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Austan Goolsbee

Professor of Economics
Chicago, USA
Austan Goolsbee
Professor of
Chicago, USA
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1. What does it mean to you to have been selected as a "Global Leader for Tomorrow"?

I was humbled by how accomplished all the other GLTs are but excited to get to meet them. The discussions look to be quite spirited.

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2. You have been selected by the World Economic Forum for what you have already done in your life, "holding positions of considerable power, influence and responsability". What are the 3-5 things you are most proud of?

Besides my family, I am most proud of my academic work on the foundations and workings of the information economy. The others things would be various times I have been able to help in the policy making process such as serving as a member of the Macroeconomic Task Force for Polish Economic Restructuring, advising the United States Commission on Electronic Commerce, and serving as special consultant to the U.S. Department of Justice for Internet Policy.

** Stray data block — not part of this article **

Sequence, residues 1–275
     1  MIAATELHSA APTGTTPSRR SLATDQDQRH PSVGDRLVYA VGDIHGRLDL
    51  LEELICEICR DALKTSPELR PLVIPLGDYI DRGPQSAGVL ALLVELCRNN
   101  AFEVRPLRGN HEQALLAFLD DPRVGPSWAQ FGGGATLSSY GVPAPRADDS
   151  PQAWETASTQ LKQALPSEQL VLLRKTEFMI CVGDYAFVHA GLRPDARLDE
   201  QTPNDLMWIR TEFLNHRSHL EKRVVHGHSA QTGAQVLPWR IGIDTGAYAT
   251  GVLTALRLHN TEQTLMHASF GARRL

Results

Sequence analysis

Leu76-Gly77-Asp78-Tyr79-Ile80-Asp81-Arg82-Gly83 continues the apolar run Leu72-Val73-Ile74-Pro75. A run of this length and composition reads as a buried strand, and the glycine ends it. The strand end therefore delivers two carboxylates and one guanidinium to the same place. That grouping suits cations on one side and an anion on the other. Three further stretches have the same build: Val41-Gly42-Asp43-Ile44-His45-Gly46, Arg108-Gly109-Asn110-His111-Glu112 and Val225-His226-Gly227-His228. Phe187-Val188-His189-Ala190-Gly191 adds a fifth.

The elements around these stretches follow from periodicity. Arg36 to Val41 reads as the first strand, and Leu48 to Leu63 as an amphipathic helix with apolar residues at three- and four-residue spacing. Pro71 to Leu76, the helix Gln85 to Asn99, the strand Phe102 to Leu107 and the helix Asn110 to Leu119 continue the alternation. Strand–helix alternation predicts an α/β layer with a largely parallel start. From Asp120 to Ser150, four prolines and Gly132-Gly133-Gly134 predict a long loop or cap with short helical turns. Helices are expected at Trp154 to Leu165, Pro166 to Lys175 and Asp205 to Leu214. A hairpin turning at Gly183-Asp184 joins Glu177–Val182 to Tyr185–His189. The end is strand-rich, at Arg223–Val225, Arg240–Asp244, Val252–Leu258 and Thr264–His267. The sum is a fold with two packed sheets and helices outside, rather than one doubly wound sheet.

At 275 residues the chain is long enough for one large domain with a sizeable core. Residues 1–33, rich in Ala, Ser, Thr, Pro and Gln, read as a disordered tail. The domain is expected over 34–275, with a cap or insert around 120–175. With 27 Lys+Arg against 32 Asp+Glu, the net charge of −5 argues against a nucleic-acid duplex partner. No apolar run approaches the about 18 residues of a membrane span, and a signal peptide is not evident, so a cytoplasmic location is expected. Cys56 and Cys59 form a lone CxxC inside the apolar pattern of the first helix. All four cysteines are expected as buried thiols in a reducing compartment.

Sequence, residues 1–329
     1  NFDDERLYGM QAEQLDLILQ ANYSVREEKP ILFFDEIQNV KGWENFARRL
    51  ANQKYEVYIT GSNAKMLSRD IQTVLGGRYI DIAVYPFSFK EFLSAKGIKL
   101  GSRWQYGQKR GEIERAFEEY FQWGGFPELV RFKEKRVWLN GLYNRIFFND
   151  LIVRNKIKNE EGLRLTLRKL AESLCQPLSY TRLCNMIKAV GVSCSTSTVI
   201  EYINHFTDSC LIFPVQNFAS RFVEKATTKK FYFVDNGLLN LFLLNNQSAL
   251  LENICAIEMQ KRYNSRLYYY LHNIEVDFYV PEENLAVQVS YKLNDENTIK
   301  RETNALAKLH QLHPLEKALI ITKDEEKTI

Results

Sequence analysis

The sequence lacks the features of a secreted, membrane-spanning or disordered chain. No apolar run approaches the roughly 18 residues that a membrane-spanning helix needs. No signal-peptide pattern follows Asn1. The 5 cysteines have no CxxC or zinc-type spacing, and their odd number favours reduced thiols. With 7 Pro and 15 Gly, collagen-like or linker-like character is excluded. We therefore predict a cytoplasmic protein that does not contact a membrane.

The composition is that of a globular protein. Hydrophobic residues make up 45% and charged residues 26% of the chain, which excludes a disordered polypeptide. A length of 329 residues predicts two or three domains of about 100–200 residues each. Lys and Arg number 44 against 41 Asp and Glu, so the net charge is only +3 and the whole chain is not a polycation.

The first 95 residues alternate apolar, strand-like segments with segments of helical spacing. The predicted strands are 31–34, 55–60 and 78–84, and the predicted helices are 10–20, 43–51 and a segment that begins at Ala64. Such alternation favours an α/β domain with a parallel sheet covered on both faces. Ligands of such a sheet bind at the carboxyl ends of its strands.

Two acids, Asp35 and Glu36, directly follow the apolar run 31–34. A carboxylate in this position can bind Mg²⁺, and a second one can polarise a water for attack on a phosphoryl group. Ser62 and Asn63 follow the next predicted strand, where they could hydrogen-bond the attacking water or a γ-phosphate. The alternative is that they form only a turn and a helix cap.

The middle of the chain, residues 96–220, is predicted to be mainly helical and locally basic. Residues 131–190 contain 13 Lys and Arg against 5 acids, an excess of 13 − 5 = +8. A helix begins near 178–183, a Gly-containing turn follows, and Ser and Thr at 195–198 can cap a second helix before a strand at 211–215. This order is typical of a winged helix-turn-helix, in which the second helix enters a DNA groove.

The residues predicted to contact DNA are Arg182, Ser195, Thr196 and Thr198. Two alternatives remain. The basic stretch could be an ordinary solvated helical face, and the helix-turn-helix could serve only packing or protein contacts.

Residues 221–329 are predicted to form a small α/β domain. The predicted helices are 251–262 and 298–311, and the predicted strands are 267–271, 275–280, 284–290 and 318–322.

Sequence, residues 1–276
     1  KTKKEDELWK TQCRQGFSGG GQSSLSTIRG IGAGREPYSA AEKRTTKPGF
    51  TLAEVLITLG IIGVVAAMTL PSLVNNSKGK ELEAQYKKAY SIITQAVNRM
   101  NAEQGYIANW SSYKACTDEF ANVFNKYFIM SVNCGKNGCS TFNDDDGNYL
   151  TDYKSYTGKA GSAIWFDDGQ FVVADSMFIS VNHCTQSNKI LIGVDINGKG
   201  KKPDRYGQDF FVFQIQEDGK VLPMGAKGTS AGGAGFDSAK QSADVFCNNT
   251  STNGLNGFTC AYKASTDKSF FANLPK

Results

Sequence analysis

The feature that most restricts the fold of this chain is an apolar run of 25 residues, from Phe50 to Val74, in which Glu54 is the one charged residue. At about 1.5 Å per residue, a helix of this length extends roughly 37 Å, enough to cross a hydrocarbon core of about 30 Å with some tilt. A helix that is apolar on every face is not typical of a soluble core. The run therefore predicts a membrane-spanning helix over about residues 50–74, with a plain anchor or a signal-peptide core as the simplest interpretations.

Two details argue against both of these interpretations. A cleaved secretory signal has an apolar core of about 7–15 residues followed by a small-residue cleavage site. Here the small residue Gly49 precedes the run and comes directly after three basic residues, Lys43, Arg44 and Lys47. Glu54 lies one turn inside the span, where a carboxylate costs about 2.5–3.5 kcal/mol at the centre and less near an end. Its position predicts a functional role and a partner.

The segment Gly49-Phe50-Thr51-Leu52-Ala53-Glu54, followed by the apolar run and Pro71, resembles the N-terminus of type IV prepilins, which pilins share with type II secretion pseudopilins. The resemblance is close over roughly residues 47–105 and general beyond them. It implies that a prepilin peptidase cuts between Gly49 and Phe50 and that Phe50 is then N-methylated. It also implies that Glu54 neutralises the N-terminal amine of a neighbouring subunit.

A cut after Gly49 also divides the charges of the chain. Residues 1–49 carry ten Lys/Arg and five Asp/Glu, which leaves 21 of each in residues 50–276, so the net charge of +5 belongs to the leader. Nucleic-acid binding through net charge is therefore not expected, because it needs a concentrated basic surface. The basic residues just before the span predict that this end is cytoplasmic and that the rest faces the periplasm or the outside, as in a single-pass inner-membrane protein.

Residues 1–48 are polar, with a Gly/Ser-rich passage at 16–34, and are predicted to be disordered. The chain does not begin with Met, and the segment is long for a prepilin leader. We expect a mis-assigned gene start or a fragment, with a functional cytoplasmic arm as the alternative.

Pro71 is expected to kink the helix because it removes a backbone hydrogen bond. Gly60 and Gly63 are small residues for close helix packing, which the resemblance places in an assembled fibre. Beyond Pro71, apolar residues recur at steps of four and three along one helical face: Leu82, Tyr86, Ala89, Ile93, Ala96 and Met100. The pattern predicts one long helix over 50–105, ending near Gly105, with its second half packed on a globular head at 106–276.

3. The World Economic Forum is "committed to improving improve the state of the world". You will participate in shaping tomorrow's world. What impact would you like to have?

I think economics is critically important for the development and progress of the world. I would like to help in anyway that I can to make better economic and technology policy. I think it is almost as important, though, for us to improve our understanding of these issues and that academic research is the main way that we improve our understanding.

4. The World Economic Forum is also a forum to discuss the present state of the world economy. What is the analysis you would give?

The slowdown of the world economy has little to do with the Internet bubble. It is much more of a conventional slowdown. The promise of higher productivity from information technology and from the Internet is still to be realized. Business must start preparing now for the next level of technology. By the time the slowdown is over, it will be too late to catch up. My greatest fear is that the slowdown leads people in emerging markets where the economies are sputtering or alienated workers in developed countries to seek to reign in international trade. Ending the flow of goods and ideas across countries would be devastating.

Austan Goolsbee
Professor of Economics
University of Chicago, USA

Nationality: USA

Born: 1969

Professional Profile: Graduate School of Business

Personal Profile: Education: M.A and B.A from Yale University in 1991 Leading expert on the economics of the Internet. Youngest professor in the history of University of Chicago

Extensive academic writings and awards. Outstanding faculty/star professor, Business weeks Biennal 1999; Phoenix Award,Chicago GSB 1998
Served in important advisory roles in the USA

Dieser Artikel ist erschienen am 31.01.2002